3 Must-see White Villages near Costa del Sol
The stunning white light of Andalucía becomes even brighter in its many white villages, or pueblos blancos, each with unique character and attractions. If you're looking for traditions, authentic tastes, street layouts and historical sites
The stunning white light of Andalucía becomes even brighter in its many white villages, or pueblos blancos, each with unique character and attractions. If you’re looking for traditions, authentic tastes, street layouts and historical sites that date back to Roman or Moorish times, as well as for a direct connection with the beautiful nature to be found not far away from the shores of Costa del Sol, then we invite you to add the following places to your trip.
Ronda is probably the most famous of Andalucia’s white villages, known for its incredible canyon and as the favourite holiday destination of Ernest Hemingway the author of “For Whom the Bell Tolls”. This beautiful town, about 100km from Málaga, is the 3rd most visited destination in Andalucía. Ronda is also known as one of the birthplaces for bull fighting and there’s a small bull ring to visit in town. A tour around should also include the Palace of Mondragón, constructed in 1314 by King Abomelik and later used as one of the homes for the Catholic Monarchs, Isabel and Ferdinand, and the museum of the history of Ronda with its beautiful gardens. The area is a great wine destination, and also famous for the local desserts, such as pestiños, yemas del Tajo or the rosquillas de Ronda.
Rich in historical sites, with both a hilltop Moorish castle and nearby Roman sulphur baths, which are said to have been visited by Caesar himself, hence the name of the place, Casares offers one of the most iconic views of vertiginous cliff side white village. It is also the birthplace of Blas Infante, “the father of Andalucia” who fought for the area to become a self-governing autonomous region. A walk through the cobbled streets lined with whitewashed houses which seem to jostle for space or the town square will give you a glimpse at the real Spain where the pace of life is much slower. Among the typical dishes from Casares, gazpacho casareño and the artisanal goat cheese from the region of the Sierra Crestellina are among the top choices.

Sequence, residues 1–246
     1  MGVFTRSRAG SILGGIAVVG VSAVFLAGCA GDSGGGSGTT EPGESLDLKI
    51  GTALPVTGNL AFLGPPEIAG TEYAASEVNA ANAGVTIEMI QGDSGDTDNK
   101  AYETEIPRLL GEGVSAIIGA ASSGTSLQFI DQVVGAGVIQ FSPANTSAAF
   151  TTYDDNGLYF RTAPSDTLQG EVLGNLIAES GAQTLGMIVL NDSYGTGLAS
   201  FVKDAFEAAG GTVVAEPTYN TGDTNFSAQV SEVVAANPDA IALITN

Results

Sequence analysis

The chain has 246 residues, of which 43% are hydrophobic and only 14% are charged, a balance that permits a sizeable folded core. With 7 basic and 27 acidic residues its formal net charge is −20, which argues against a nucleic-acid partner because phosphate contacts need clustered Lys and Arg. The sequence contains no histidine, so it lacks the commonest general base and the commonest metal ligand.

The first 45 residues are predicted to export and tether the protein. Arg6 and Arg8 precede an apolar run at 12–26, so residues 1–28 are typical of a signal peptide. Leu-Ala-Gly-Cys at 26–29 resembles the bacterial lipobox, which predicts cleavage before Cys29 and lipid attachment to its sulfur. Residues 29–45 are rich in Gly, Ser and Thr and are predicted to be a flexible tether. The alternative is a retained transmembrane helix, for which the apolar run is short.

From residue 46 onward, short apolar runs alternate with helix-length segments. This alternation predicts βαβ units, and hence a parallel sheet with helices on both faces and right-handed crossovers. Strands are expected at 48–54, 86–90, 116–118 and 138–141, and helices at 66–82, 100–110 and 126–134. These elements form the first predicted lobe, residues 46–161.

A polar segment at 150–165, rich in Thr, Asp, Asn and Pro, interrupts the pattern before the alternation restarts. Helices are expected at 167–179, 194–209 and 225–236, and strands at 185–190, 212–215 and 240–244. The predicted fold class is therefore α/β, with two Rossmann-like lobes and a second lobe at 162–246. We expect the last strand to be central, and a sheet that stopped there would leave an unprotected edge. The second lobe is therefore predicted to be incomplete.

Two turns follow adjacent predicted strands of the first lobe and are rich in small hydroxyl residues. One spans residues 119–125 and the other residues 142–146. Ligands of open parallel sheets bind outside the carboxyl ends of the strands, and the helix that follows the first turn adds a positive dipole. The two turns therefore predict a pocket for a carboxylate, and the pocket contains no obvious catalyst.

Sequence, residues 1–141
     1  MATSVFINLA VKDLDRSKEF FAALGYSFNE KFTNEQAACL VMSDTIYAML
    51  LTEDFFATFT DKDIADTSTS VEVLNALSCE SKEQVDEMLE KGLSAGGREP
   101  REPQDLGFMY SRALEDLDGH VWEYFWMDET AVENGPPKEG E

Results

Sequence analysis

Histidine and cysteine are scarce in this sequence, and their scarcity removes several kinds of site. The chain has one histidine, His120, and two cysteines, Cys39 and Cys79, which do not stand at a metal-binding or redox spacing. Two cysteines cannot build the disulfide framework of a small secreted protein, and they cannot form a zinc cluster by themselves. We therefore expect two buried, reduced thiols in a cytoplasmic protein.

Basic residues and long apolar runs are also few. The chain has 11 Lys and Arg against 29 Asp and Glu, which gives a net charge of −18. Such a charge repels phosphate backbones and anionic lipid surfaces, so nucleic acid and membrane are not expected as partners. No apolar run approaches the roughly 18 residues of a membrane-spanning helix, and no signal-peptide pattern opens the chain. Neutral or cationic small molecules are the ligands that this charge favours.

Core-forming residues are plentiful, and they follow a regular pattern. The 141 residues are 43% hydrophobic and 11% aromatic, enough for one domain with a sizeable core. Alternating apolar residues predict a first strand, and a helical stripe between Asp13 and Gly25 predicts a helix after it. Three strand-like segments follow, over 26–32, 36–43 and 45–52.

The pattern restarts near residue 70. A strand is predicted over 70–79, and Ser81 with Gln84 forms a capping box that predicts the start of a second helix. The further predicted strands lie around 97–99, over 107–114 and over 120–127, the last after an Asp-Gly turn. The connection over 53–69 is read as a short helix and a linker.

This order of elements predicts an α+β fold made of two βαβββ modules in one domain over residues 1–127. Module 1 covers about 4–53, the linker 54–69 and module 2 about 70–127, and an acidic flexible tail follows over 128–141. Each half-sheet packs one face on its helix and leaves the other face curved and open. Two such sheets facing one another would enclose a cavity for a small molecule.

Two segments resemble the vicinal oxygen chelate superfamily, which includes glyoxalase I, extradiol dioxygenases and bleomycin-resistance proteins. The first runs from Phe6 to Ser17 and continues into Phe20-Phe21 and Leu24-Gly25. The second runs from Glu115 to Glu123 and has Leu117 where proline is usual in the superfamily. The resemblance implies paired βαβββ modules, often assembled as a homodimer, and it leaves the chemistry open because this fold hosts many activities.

Located east of Málaga and only a ten minute drive from the coastal town of Nerja, Frigiliana was voted the beautiful village in of Andalucía for several years running. The picturesque cobbled streets of Frigiliana gently wind up through the bright white houses of the old town, contrasting with the splashes of vibrant colours of flowers growing everywhere, on the balconies, on the doorsteps, on the walls. The houses are painted every year and it is traditionally the women of the village who carry out this work. With many shops, bars and fabulous restaurants, several hotels and a working molasses factory right in the centre of town, Frigiliana has a lot to offer. It also hosts a famous event, Festival de las Tres Culturas, celebrated at the end of August each year, drawing crowds of hundreds to watch concerts and many festivities. Other fiestas throughout the year include Saint Sebastian, the patron saint of Frigiliana, celebrated in January, and the annual Frigiliana feria, in June.
Cover photo credit: Ronda, Puente Nuevo, image by TheBoxagon (Own work) [Public domain], via Wikimedia Commons